You Can Take a Pregnancy Test Earlier Than You Might Think

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Whether you are actively trying to get pregnant or not, the question of potential pregnancy can be one that tends to linger if you are sexually active. For some people, a spot of heartburn the day after having sex could spark the thought, “Am I pregnant?!” and for others, it might take ignoring multiple signs of pregnancy before ever taking a test.

Early signs of pregnancy can look different for everyone – from morning sickness to intense fatigue. The only way to know for sure if you’re pregnant is to take a pregnancy test (via at-home urine test or a blood test from a provider) or have your healthcare provider perform an ultrasound. But how early can you take a pregnancy test? POPSUGAR spoke with Lakeisha Richardson, MD, OB/GYN, about the right timing and some of the earliest signs, symptoms, and tips to look out for in early pregnancy.

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Early Signs of Pregnancy

Although one of the earliest and most obvious signs of pregnancy is a missed period, some people may not get a period at all due to their birth control pill or other health factors, which can be confusing when trying to figure out if you’re pregnant. “Most women realize that they may be pregnant when their cycle doesn’t start on time,” Dr. Richardson tells POPSUGAR. “In addition, women may have morning sickness, an aversion to certain smells, and breast tenderness early in pregnancy.”

Planned Parenthood says early signs and symptoms can also include:

  • Bloating
  • Peeing more often than usual
  • Metallic taste in the mouth
  • Constipation
  • Heartburn
  • Fainting
  • Skin changes

One of the most obvious signs of pregnancy (but also not so obvious, because being tired is just a part of adulthood) is fatigue. “While every woman is different and experiences early pregnancy differently, every woman will experience the fatigue of early pregnancy,” says Dr. Richardson. “During the first trimester of pregnancy, [the development of the fetus occurs], which usually requires a large amount of energy and leaves most women feeling exhausted by midday or early afternoon. Most women usually feel the need to nap daily during the first trimester.”

Related: The 1 Surprising Symptom That Made Me Realize I Was Pregnant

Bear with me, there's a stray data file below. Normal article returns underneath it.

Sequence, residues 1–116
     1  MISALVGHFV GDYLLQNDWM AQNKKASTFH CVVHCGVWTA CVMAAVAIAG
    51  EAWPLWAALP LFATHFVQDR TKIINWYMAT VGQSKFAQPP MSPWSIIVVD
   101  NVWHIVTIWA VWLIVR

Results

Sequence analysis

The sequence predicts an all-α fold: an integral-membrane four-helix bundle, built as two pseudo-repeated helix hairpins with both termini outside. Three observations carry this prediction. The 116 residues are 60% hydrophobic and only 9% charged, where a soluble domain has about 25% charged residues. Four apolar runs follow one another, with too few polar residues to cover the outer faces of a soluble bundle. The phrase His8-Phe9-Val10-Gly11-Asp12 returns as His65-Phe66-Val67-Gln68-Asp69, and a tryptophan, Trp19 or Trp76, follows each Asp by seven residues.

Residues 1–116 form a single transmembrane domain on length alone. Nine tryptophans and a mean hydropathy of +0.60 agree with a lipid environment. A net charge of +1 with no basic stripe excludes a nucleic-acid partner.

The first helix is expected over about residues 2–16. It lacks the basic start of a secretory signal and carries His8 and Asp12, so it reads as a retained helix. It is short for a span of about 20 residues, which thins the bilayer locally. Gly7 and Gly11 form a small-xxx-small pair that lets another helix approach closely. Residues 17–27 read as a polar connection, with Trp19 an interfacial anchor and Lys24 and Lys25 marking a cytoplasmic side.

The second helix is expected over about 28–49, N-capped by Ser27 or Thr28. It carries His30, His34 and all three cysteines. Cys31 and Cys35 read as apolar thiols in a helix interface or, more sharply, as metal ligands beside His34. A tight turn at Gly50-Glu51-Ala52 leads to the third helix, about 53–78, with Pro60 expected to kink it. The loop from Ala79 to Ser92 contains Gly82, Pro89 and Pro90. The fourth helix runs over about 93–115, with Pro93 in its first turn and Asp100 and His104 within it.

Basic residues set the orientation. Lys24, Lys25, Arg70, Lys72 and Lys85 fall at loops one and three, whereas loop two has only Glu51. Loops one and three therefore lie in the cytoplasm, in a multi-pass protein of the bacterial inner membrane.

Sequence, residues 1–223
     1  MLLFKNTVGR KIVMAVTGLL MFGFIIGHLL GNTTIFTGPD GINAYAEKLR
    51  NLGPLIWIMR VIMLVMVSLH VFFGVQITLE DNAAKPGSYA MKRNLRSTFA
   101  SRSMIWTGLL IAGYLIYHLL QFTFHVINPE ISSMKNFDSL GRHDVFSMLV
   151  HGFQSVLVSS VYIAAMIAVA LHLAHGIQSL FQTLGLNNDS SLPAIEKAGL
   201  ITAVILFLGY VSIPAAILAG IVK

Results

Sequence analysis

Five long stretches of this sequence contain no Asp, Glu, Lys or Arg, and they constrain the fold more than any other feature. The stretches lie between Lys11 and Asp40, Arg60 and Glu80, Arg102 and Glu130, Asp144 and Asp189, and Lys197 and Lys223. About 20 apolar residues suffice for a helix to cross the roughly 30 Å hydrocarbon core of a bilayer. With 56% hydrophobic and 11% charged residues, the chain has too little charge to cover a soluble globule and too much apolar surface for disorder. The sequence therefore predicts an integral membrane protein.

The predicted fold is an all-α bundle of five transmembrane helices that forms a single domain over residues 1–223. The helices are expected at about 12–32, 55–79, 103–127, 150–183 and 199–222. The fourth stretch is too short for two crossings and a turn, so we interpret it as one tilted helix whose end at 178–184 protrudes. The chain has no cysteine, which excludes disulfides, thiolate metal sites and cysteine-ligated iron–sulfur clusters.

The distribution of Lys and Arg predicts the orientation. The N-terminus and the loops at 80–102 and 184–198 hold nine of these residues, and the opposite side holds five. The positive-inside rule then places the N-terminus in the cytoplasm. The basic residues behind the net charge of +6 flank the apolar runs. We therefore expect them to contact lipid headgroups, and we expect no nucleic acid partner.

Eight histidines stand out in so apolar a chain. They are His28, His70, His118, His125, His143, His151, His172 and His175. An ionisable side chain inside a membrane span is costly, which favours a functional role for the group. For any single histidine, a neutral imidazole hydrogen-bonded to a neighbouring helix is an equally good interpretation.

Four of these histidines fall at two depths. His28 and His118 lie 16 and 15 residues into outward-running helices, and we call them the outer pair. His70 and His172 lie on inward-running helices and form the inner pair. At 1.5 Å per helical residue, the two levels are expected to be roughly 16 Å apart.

How Early Can You Tell If You’re Pregnant?

With an average menstrual cycle of 28 days, it doesn’t seem like that long of time in between cycles to wait to see if you conceived, but if you’ve ever felt like you might be pregnant but weren’t sure, you know that each day waiting for your period to come or not can feel like an eternity. Thanks to pregnancy test technology, however, women are able to find out nearly a week before their missed period if they’re pregnant. “With First Response, you can tell as soon as six days before your first missed period that you are pregnant. [It] is over 99 percent accurate,” Dr. Richardson notes of the popular pregnancy test brand.

How Early Can You Take a Pregnancy Test?

It’s possible to get a positive result from an at-home test as early as 10 days after conception, according to Cleveland Clinic. But for a more accurate result, it’s recommended to wait until after you’ve missed your period to take a test because if you take a test too soon, you could risk getting a false negative. And to be safe, you can take two pregnancy tests to confirm the same result.

Should You See a Doctor Following a Positive Pregnancy Test?

Physically, early pregnancy may not look like much (even if it feels like you’re getting hit with a ton of bricks), but you should see your doctor well before your baby bump makes its debut. According to Dr. Richardson, “You should see a doctor as soon as possible after confirming an early pregnancy” because the first trimester is so important.

“The first trimester is a crucial time in pregnancy because of [the development of the fetus],” she says, before listing additional reasons why some women may need some extra assistance from their doctor within the first trimester.

For example, women who are high risk may need to stop certain medications that can disturb the development of the fetus, Dr. Richardson explains. And “women who have a history of preterm labor may need to be started on injections to prevent preterm delivery,” she adds. In general, contacting or visiting your doctor is always a good idea if you’re concerned or have questions, especially during the early stages of your pregnancy.

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